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A Quick Guide to Patient Centricity in Pharma

Work in the life sciences industry is inherently patient-centric, but it’s ultimately how the patient is brought into focus that is important. Organizations produce life-saving treatments, medications, devices, and services, but do their employees feel empowered by the knowledge that they’re making a difference in patients’ lives? Establishing an organizational definition and vision for patient centric pharma is a key first step to integrating it into the business – and to ensuring organizations reap the full benefits of patient centricity. It’s important for life science organizations – whether pre-commercial or big pharma – to create a definition of patient centricity and mold it to fit the company’s culture and voice. It may seem small, but rooting understanding in a central definition provides the ability to reference a known truth and spark employee motivation.  

Once a central definition is established, the next step is encouraging employees to see how their role exemplifies holding the patient as their focus. Once employees see themselves as having an active role, they will feel more engaged in their work. Research shows that more engaged employees are not only more efficient and effective at what they do, but they also stay longer with the organization, which allows companies to retain and nurture the human capital associated with their intellectual property. It is a business benefit to establish and integrate patient centricity as a core focus of life sciences businesses.  

After employees feel excited and empowered to do their work because they recognize their “why” and the impact they have on patients, the next step is to help them see how they can modify or amplify their current activities to put the patient at the center. Consider five ways to remind them and continue to instill patient centricity in pharma: 

Steps to Build Patient Centricity 


Challenges to Adopting a Foundation of Patient Centric Pharma

Building a foundational understanding and mission around patient centricity is key to change management and employee engagement. In our work with life science companies, the three biggest challenges we see to adopting a genuine focus of patient centric pharma are:  

  1. Employees personally feel that patient centricity is important, but they don’t see a united sentiment that their organization prioritizes initiatives that move the organization toward best-in-class, patient-centric activities.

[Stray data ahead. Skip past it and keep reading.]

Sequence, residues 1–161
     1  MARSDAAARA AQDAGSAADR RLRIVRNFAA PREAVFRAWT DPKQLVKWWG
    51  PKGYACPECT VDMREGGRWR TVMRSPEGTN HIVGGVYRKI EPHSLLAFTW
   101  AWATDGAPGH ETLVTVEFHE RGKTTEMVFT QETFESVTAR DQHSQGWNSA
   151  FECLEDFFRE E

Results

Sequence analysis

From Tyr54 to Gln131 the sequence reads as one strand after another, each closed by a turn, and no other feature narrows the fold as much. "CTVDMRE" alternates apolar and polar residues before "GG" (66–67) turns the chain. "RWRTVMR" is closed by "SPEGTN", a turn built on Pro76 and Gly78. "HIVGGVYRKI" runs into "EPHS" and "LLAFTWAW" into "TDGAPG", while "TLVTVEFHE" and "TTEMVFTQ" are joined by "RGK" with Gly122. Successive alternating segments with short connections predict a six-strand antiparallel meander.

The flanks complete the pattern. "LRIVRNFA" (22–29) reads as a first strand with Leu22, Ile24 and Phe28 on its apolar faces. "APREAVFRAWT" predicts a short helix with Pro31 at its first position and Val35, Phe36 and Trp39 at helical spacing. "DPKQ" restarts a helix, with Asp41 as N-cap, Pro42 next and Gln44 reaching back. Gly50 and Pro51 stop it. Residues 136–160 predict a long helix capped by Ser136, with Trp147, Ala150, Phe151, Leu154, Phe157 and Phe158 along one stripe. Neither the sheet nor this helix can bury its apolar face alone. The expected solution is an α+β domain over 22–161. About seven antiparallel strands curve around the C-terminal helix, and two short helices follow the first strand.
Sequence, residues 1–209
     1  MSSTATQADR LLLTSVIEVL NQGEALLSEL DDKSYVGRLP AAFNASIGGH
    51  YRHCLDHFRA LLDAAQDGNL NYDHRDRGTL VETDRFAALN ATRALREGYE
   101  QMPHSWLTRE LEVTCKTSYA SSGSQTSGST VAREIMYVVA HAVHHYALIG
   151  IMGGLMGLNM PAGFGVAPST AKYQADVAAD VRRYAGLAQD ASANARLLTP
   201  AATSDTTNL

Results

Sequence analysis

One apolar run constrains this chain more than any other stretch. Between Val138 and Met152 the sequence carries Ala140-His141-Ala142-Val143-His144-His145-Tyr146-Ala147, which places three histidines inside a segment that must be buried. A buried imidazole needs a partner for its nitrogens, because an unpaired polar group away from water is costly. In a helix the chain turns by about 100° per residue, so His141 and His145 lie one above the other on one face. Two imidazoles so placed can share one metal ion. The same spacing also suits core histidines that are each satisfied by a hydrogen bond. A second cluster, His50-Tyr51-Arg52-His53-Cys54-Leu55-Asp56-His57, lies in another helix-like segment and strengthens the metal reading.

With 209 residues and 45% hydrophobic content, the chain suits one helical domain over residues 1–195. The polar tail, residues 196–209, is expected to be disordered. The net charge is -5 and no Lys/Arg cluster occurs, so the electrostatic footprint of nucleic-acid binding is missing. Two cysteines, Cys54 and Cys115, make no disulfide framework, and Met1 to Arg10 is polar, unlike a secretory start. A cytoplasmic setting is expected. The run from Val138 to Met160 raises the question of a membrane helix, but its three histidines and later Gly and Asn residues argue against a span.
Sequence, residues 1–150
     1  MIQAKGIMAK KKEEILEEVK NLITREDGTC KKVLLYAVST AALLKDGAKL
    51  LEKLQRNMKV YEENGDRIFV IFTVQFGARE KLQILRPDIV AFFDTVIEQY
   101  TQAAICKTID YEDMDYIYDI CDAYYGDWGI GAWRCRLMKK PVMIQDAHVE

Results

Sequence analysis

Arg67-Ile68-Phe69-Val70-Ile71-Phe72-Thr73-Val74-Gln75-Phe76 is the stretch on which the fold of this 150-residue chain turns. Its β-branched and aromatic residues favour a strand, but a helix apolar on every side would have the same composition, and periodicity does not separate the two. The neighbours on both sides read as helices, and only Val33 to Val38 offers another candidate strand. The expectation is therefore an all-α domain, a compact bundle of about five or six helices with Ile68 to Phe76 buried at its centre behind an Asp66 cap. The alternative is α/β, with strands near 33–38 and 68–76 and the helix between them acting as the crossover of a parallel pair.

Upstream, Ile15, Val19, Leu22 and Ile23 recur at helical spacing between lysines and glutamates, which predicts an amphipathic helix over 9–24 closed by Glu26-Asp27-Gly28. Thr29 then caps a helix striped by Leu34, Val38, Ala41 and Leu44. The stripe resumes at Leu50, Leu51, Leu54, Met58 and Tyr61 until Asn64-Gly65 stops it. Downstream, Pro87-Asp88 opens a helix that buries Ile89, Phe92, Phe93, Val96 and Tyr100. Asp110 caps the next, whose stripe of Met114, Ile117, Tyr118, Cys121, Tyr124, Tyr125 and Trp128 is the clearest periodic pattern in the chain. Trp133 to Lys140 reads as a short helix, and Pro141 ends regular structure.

2. Employees are worried that patient centricity will be an additional ask on top of their daily activities. 
  3. Internal and external messaging dances around the idea of patient centricity, leaving it to be implied rather than explicitly stated as an organizational tenet and focus.  

The steps discussed so far will mitigate these three challenges. Establishing and socializing a core patient centricity definition demonstrates a united front that the entire patient lifecycle and activities – beyond launching life-saving therapies to market – are a priority to the organization. Further, explaining how patient centricity is an existing pillar of employees’ roles and responsibilities and working together to identify where employees are already being patient-centric will alleviate the barrier of thought that patient centricity is “extra work” and replace it with the mindset that, rather, it’s integral in their daily role.  

Solving challenges #1 and #2 inherently will help solve challenge #3: As employees and leaders in the business can speak to a central definition and understand their role and goals of patient centricity, they will see the value of incorporating it into communication until it’s integrated and expected of all employees and business efforts. 

Clarkston’s Approach to Patient Centric Pharma 

These insights were derived from Clarkston Consulting’s unique in- and out-of-industry research approach. We looked not only at clients and companies who excel in patient centricity to learn about their approach and what works well for them to achieve their patient-centric goals, but we also leveraged out-of-industry resources to see how non-life sciences companies were excelling in customer focus and delivery. We investigated companies with strong customer loyalty to mirror the idea of patient adherence.  

For example, we used familiar examples like Trader Joe’s and Chick-fil-a as inspiration for what best-in-class might look like around customer centricity. These two brands have been historically – and consistently – known for top-tier customer experience and loyalty, so we considered how their tactics and points of focus (like customer relationship and trust) transfer to exemplary patient centricity for a specialty pharmaceutical company. This approach provides a well-rounded perspective for how our clients can best execute against their patient-centric goals without following the exact tide of what their competitors are doing. 

For strategic advice on promoting patient centricity in your organization and propelling your organization along the patient centricity maturity model to drive impact and transformation, please contact us today to learn more about our strategy consulting services. 

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Tags: Life Sciences Trends, Strategic Innovation, Digital Patient Engagement, Digital Strategy, Marketing and Media Services